Chambers says House-approved police pursuit bill falls short of protecting children, public

Just after midnight on Tuesday morning, lawmakers in the state House of Representatives passed a controversial bill, 57-40, that allows police to pursue suspect vehicles on a very limited basis.

Democrats voting against the bill argued it goes too far. Republicans, such as Rep. Kelly Chambers, who also voted no, said the measure doesn’t go far enough.

“This is the best we can come up with? This doesn’t do enough. Not even close.” said Chambers, R-Puyallup.

The existing law, enacted in 2021, boosted the standard for police pursuits from “reasonable suspicion” to “probable cause,” which severely restricted law enforcement from engaging in vehicular pursuits in Washington state.

Senate Bill 5352 would lower the “probable cause” standard for police pursuits to “reasonable suspicion” in limited cases involving those suspected of committing a violent crime, a sex offense, vehicular assault, domestic violence-related offenses, driving under the influence, and trying to escape arrest.

Chambers argued the bill is too narrow and would not protect children, such as Amber Goldade, who was killed in January 2022 and her best friend, Kathleen Olson, severely injured when they were run over by a stolen flatbed landscaping truck near Midland in Pierce County.

“Amber Goldade is dead because police could not pursue the stolen vehicle used to run these two 12-year-old girls over. What is more innocent than two young girls having a sleepover, going up to the school to play and walking back home? And then struck down. They are the victims of this no-pursuit policy,” said Chambers. “This bill doesn’t even come close to making our state safer.”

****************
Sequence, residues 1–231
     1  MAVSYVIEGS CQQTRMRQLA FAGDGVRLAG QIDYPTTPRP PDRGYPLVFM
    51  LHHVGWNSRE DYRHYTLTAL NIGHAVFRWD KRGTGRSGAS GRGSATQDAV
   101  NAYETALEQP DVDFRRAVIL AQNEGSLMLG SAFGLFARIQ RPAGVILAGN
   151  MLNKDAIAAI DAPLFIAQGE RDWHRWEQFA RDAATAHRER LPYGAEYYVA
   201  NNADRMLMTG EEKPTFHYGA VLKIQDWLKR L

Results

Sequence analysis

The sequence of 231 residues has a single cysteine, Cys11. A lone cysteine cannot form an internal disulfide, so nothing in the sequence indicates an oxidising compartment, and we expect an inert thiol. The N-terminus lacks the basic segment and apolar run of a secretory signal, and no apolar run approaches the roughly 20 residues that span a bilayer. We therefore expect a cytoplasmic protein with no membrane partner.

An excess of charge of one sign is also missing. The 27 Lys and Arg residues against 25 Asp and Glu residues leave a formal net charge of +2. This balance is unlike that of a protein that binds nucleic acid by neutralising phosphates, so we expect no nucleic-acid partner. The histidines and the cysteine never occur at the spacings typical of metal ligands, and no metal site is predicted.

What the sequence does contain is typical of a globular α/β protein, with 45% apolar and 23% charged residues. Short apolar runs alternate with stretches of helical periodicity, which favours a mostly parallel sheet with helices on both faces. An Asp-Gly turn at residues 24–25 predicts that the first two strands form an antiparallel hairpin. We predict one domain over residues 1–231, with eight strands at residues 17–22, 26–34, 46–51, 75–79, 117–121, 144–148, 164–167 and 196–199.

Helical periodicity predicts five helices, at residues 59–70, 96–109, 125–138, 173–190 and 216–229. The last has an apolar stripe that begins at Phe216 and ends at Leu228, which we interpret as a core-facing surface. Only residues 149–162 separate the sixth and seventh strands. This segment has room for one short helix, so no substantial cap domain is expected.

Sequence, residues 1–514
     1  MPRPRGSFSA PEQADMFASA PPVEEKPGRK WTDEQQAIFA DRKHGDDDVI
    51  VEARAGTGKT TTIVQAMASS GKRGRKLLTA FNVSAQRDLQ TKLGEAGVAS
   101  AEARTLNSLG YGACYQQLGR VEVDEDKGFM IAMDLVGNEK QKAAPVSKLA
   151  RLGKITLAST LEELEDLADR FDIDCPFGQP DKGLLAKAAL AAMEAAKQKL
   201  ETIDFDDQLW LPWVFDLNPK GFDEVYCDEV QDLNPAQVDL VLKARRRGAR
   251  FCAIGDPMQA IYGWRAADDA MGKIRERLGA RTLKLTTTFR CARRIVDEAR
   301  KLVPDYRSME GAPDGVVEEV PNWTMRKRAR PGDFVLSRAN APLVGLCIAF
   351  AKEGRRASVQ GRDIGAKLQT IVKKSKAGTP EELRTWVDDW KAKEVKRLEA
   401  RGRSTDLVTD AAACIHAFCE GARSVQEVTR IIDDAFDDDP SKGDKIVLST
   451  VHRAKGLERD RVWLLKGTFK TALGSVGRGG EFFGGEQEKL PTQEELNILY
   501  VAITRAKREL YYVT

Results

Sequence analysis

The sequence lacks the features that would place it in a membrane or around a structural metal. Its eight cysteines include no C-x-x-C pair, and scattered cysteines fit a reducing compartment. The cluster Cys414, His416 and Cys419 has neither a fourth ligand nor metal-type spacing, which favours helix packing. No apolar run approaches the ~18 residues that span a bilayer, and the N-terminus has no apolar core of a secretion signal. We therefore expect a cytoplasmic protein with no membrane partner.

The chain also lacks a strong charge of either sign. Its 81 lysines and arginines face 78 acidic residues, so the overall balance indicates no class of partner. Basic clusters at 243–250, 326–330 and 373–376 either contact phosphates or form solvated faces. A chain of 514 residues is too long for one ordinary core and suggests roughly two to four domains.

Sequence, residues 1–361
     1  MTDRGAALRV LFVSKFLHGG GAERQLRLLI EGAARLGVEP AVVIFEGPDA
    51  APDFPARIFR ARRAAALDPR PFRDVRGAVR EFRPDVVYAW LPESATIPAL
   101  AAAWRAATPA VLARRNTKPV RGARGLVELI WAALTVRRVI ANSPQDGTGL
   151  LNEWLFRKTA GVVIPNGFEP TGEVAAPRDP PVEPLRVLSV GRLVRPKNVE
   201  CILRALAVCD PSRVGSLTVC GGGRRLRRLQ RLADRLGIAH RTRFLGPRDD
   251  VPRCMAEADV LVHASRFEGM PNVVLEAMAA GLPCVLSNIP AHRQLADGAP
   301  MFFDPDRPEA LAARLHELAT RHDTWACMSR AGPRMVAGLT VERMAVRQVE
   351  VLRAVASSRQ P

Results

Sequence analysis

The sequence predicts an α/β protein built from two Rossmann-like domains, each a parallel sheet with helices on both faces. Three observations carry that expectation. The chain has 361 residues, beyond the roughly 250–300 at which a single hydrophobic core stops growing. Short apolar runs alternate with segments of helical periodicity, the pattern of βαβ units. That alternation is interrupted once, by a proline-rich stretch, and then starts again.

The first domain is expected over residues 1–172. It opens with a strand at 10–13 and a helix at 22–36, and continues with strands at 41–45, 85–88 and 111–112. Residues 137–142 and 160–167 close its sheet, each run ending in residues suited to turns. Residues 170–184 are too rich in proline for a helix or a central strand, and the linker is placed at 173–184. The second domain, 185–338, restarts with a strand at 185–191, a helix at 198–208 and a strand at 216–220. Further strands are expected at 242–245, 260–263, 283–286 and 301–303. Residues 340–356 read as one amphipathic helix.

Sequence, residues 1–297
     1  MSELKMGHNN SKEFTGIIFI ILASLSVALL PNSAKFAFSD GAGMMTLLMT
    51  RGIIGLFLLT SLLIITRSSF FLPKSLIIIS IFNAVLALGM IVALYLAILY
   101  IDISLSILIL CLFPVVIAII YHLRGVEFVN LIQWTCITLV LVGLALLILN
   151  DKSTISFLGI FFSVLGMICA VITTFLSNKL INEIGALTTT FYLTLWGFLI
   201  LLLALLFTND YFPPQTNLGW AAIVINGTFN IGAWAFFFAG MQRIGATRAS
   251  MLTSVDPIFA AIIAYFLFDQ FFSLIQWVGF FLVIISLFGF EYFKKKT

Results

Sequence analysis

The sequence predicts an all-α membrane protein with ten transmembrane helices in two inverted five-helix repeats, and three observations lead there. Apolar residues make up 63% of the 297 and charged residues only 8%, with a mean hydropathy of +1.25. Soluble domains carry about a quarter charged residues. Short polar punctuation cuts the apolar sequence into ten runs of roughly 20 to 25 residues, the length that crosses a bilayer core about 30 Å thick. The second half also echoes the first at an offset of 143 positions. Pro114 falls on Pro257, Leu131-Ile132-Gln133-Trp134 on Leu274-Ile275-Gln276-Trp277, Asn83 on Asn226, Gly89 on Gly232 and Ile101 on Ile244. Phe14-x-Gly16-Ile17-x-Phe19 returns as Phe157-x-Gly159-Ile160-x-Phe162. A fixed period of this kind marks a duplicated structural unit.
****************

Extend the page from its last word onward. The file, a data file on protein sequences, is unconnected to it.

Chambers also argued that the bill doesn’t address the majority of crimes law enforcement must deal with on a daily basis that put the rest of the community at risk, namely stolen vehicles.

“More than 50-thousand vehicles have been stolen in the last year, sometimes in front of witnesses. Even then, law enforcement is not allowed to pursue,” added Chambers. “They can’t pursue at low speeds. They can’t pursue when no one is around. And they can’t pursue when the threat to the public is too high.”

The House-approved bill would not allow police to stop vehicles suspected of being stolen. Chambers said a stronger law is needed to ensure police can pursue and capture criminals.

“This is what law enforcement is asking of us, so they can keep our communities safe. Until we address stolen vehicles and property crimes, Washington will be a less safe place to live. Our state will be a less safe place to be a 12-year-old kid,” added Chambers. “I don’t even want to think about whose name we will be talking about next year when we come back and there are more victims. This bill continues to tie law enforcement’s hands and prevents officers from pursuing stolen vehicles.”

The bill received mixed votes from Republicans and Democrats. Because it was slightly amended in the House Community Safety, Justice and Reentry Committee, it must return to the Senate for concurrence before advancing further.


Washington State House Republican Communications